The stars all seemed aligned when I recently pulled the minivan into the Vacaville Outlets as we had a couple extra hours to do a little shopping before we finished our drive to visit friends in the San Francisco bay area. The stars quickly seemed to be exploding as the parking lot was TOTALLY packed. I almost said “screw this” as I drove the minivan around and around looking for an empty stall with 3 kids in the back who were getting “anxious” to get out.
In case you were wondering, I looked up the word “anxious” in the smart-ass dictionary and it means, “driving Mom and Dad crazy and making them want to saddle up to the bar at Chili’s.” But anyways, here are the ways to maximize your savings when shopping at an outlet or factory location.
Many “Outlet” Stores Ain’t Outlets!
The biggest takeaway from my family trip to the outlets was that you have to be really careful about the pricing.
Just because a store looks like an outlet, has an outlet bathroom, smells like an outlet, and has outlet employees, doesn’t mean the prices are any better than their regular retail location.
Some have the exact same merchandise, at what appears to be the exact same price, which is really odd to me. What the heck is the point? Shoppers are eventually going to catch on (if they haven’t already).
The actual percent of merchandise found in most outlet locations, that are either irregulars or factory seconds, is around 1% to 5%. Everything else is either the same stuff found in regular retail locations, or cheap stuff made specifically for the outlet or factory store.
If you’re going to have an outlet location, at the very least take last season’s merchandise, poke some holes in it, mark the tag with a Sharpie, and lower the price by 20%.
Here are the 3 main types of “Outlet” stores:
- Factory Stores – These are stores located within an Outlet Mall that sell items made specifically for the Factory Store. Clothing and apparel is often of lesser quality. Popular factory stores include Coach, Nike, Brooks Brothers, J.Crew, Calvin Klein, GAP, Banana Republic, Burlington Coat, and Tommy Hilfiger.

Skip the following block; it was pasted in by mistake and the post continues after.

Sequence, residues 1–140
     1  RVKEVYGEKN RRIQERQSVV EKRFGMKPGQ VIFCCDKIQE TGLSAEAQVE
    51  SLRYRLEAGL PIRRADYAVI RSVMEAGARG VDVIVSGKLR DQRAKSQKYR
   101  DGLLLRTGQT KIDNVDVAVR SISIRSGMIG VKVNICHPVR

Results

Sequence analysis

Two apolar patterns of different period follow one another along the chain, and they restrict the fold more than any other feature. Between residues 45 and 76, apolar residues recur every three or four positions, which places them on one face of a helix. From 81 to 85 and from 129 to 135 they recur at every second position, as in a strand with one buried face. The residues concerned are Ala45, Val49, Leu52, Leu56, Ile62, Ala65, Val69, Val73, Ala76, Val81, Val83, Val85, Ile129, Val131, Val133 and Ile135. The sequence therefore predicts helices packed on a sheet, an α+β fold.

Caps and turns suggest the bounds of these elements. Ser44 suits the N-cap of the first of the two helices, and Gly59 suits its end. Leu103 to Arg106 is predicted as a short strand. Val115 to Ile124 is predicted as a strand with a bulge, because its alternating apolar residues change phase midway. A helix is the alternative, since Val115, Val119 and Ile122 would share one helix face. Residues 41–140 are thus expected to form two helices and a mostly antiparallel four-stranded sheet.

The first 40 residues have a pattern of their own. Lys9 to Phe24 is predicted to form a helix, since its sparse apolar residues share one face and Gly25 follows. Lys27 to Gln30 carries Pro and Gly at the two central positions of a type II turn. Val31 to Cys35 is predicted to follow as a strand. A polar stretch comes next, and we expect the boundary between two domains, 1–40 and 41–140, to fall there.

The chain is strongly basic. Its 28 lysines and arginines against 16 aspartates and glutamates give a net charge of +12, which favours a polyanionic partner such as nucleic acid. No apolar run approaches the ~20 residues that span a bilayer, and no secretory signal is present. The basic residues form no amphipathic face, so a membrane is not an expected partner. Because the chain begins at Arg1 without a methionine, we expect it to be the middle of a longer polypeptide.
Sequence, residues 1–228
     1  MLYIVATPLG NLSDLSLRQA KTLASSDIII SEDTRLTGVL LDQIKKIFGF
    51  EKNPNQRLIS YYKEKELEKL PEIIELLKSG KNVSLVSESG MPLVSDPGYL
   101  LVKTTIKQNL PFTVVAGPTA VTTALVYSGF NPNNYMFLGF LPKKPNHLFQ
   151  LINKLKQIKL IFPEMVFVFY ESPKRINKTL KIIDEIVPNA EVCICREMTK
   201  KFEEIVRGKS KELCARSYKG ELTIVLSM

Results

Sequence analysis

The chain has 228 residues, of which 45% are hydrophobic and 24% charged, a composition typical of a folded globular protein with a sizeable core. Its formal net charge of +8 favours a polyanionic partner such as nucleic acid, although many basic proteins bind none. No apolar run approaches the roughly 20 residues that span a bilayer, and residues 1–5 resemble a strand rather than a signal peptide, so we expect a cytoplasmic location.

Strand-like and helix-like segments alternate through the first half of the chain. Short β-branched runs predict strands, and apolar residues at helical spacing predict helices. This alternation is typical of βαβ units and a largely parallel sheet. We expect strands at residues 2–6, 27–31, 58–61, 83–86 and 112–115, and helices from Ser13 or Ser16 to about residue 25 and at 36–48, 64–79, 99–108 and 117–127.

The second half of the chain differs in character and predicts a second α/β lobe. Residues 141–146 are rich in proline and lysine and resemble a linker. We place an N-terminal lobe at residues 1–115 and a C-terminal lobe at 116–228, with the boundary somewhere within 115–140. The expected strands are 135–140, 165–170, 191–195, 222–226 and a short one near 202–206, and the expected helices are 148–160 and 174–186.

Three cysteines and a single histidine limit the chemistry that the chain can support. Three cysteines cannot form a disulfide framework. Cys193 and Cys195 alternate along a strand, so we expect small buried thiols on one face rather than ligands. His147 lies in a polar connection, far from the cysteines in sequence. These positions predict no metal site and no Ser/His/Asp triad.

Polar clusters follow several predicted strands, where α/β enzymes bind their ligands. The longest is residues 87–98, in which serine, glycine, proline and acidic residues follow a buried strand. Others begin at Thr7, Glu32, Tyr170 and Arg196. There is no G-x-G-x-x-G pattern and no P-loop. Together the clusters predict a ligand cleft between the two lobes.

- Actual Outlet Stores – These stores sell items that were originally in the conventional retail location. Products are usually overstocks, or have small dents, scratches, or blemishes on them. These outlet stores often have the best deals on first quality products. Popular examples of “real” outlet stores include REI, Coldwater Creek, and Lands’ End.
- Conventional Retail – These are simply regular retail stores dressed up to appear like an outlet location. The deals found at these locations often mirror exactly what you’ll find in your local shopping mall. Examples include Old Navy, Merrell, Famous Footwear, Sunglass Hut, and American Eagle Outfitters.
By knowing the differences between these 3 types of stores, you can shop knowing exactly what potential deals you’ll find within.
“Holiday” Sales Rock
Once we finally found a spot to park, we were very impressed with the Labor Day sales many outlets had going on.
In particular, American Eagle Outfitters had a 50% off the entire store sale going on, even on clearance items. My wife bought some blouses that were regularly $45 for like $12 since they were on the clearance rack and she got an additional 50% off.
I had no idea that AEO even had outlet stores since I always see their overstocks at our local TJ Maxx. But sure enough they do, and the 50% off dealio was pretty awesome.
I asked the gal when we were checking out if they do this often and she said “No, only twice a year can you buy this trendy, Cambodian made, crappy clothing for 50% off our ridiculously expensive regular prices.”
Kidding, but that would have been the BEST ANSWER EVER. I think I would have leaped the counter and given her a huge bear hug. At which point I probably would have been tased by Paul Blart.
Other holiday weekend to check out include Memorial Day, 4th of July, Thanksgiving, and the 5 days between Christmas and New Year’s.
Impulse Purchases? Be Careful
Gotta say that if you have a weakness for good deals, most of which you clearly don’t need, you might want to stay away from outlets like I stay away from the center aisles at Costco. The deals tend to call out my name and pull me in with their force field.
This was especially true when I was standing in the long checkout line at the Nike Outlet where they have all these cool socks, clearance shoes, and other awesome sports thingies.
It was all I could do to keep my blinders on and stay focused on why I came into the store which was to buy my son some new duds for school.
Also, since most outlets (including the one we went to) are located in the middle of nowhere with cow pastures on both sides, I’m not sure we would make a special trip as the cost to get there eats into any savings.
But if you happen to be passing by an outlet it’s definitely worth checking out.
Ask the Reader: What is your take on outlet shopping? Worth it? Yay or nay?
By Kyle James
Photo Credit to Mike Mozart.